Four top media and communications companies Wednesday disclosed plans for a television service that they say will be bouncing dozens of channels off satellites and into American homes by late 1993.
National Broadcasting Co., Hughes Communications, Rupert Murdoch's News Corp. and Cablevision Systems said the $1-billion Sky Cable venture will rely on compact 12-by-18-inch receiving antennas and the most powerful commercial satellites in use. The venture first plans to focus its marketing on neighborhoods that do not have cable TV, but the service will also be available as a supplement or alternative to existing cable services.
"We're not looking to replace cable TV but to increase the selection of programming that is available," said Stephen J. Petrucci, chief executive of El Segundo-based Hughes Communications, which will supply the satellite systems.
Consumers without cable service would need to buy a receiving antenna for about $300 and pay subscription fees that would come to roughly $25 a month, Murdoch told reporters at a Manhattan press conference. Sky Cable officials hope that local cable operators in many parts of the country will agree to carry the satellite service, making it available to all of their subscribers.
These cable companies would presumably offer some Sky Cable programming as part of their basic service and would charge additional fees for those who wanted more Sky Cable channels or pay-per-view programming.
The Sky Cable system will be able to carry signals for the next generation of TV technology--called high-definition television, or HDTV--that is now under development in labs around the world. The system can carry a maximum of 108 channels and will be able to transmit digital sound, officials said.
Such TV systems, called "direct broadcast services," have so far not lived up to their original expectations and have sometimes been lampooned as "dubious broadcast services." A DBS service offered by Communications Satellite Corp. folded in 1985, and Murdoch's Sky Television venture in Europe has only now achieved a modest success after sustaining huge losses in start up.
Analysts said Sky Cable faces challenges lining up quality programming and subscribers, as well as overcoming the expected hostility of some cable operators, who are expected to view the new technology as a threat. But some cable analysts said they believe the venture has a chance of becoming an important means of delivering programming.
"I think they'll be a significant addition to the media mix," said Paul Kagan, a cable industry consultant in Carmel, Calif.
The venture's four member companies have media interests and experience that will be a plus. Murdoch's News Corp. owns Twentieth Century Fox and Fox Broadcasting, as well as Sky Television. Cablevision, a major cable operator, is co-owner with NBC of several cable programming operations, including Consumer News & Business Channel (CNBC), Bravo, Sports Channel America and 10 regional sports channels. NBC is also part owner of the Arts & Entertainment Network.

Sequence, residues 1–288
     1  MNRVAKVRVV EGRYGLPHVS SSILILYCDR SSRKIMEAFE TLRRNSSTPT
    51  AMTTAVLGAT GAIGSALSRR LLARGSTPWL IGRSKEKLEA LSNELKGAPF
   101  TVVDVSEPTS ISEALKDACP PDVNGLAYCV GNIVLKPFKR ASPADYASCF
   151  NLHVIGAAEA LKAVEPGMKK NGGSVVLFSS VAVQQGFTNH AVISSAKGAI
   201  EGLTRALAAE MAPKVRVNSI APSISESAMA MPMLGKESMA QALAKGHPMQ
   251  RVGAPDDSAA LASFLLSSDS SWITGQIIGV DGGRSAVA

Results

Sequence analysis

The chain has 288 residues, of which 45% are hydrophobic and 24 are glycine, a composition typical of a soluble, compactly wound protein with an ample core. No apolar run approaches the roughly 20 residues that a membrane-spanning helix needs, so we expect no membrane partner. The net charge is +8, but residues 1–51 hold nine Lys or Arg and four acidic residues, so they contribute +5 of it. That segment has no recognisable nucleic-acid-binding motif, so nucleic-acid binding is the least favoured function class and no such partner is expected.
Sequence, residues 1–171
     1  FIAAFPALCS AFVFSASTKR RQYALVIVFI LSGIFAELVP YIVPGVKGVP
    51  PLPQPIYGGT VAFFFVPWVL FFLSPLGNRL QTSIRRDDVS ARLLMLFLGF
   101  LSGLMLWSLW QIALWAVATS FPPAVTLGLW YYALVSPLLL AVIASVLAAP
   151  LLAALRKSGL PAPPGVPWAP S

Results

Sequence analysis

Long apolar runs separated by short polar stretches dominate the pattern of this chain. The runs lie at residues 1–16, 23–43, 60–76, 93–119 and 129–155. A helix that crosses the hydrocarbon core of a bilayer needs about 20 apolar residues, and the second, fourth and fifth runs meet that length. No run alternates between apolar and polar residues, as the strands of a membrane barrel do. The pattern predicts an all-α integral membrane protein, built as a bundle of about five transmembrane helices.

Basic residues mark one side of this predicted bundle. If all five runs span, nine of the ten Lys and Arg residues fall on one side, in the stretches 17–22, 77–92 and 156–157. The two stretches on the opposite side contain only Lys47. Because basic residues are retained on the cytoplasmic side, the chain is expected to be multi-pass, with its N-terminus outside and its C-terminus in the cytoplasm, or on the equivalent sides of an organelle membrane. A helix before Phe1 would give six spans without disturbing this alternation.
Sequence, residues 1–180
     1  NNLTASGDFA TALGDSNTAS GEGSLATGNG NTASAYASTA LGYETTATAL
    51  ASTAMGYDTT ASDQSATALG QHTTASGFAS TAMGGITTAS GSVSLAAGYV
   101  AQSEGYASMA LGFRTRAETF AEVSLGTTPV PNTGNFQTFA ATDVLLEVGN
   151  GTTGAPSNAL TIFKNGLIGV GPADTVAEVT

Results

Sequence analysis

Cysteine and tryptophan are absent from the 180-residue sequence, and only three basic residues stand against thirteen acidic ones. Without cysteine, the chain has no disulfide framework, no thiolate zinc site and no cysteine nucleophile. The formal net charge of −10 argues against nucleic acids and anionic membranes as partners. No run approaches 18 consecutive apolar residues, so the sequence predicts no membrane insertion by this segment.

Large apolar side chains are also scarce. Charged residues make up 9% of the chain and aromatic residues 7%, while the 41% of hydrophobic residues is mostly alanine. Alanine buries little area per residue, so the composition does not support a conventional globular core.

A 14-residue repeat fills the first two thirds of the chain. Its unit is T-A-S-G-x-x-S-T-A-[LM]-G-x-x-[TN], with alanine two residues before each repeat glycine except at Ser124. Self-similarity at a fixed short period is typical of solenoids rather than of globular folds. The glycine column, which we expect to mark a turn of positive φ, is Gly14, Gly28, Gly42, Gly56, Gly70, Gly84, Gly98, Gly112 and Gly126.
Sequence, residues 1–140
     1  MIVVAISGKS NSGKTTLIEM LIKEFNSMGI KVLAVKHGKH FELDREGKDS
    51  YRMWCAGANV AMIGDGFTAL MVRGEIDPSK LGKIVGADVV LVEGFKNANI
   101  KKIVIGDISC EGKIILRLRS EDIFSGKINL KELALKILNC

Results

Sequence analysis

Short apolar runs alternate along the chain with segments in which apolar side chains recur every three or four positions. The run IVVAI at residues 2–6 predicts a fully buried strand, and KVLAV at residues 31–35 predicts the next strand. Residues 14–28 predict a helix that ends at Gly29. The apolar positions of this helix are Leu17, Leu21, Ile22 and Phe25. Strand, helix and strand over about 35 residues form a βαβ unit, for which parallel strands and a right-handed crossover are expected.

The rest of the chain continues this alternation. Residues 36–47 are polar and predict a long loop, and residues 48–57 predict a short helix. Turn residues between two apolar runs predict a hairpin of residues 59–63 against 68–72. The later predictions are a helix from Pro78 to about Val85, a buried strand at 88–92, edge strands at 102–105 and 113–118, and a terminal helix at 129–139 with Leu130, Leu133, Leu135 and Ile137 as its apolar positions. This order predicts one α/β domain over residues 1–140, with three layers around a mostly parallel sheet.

Analysts said they expect these channels to be offered on Sky Cable. NBC and Fox Network have, however, made it clear that Sky Cable will not carry their network offerings.
Sky Cable officials claim the new antenna is a key advantage of the system. Many homeowners had trouble finding space for the earlier generation of satellite TV antennas, which were 10-foot-diameter dishes. The new antennas can be leaned against windowsills.
The large dish antennas also cost $2,000 to $3,000, a price that put them out of the reach of many viewers.
Sky Cable officials said they believe they need 2 million to 3 million subscribers for the venture to break even. They said they hope to have that many subscribers by 1997.
About 20 million American homes are not reached by cable service. Some 45 million pay for cable service.
In trying to market the service, Sky Cable will run into competition from another satellite TV enterprise recently begun by NBC's parent, General Electric. GE American Communications earlier this month announced a joint venture with nine major cable operators to deliver 10 channels of programming from a GE satellite to home receivers.
That venture will use a medium-power, or KU band, satellite and will transmit the signals of "superstations," such as WOR-TV in New York, and pay-per-view programs.
Sky Cable officials predicted that the new technology would be enthusiastically embraced by television and movie studios, which are eager to find more outlets for their products.
They contended the new system might also indirectly benefit cable operators by reducing demands in Washington for re-regulation of the cable industry. Some in Congress claim greater regulation is needed because so much programming that viewers watch now enters homes through the operators' cable.
Petrucci, of Hughes, said he had spoken to several members of the Federal Communications Communications, who he said were "very enthused" at the venture's possibilities.
Hughes, which is a unit of Hughes Aircraft, benefits from the venture in several ways. The company stands to share in any profits and also will provide the three advanced-designed satellites that will be used in the venture. The satellites will be built by another division of Hughes, which in turn is a unit of General Motors Corp.
Hughes will lend the venture its initial financing of $325 million. Each of the partners will also initially contribute $75 million. Several years later, the group will jointly put up another $200 to $300 million, officials told securities analysts.
Sky Cable will receive revenues from subscriber fees, advertising and from programming that is carried by local cable operators.
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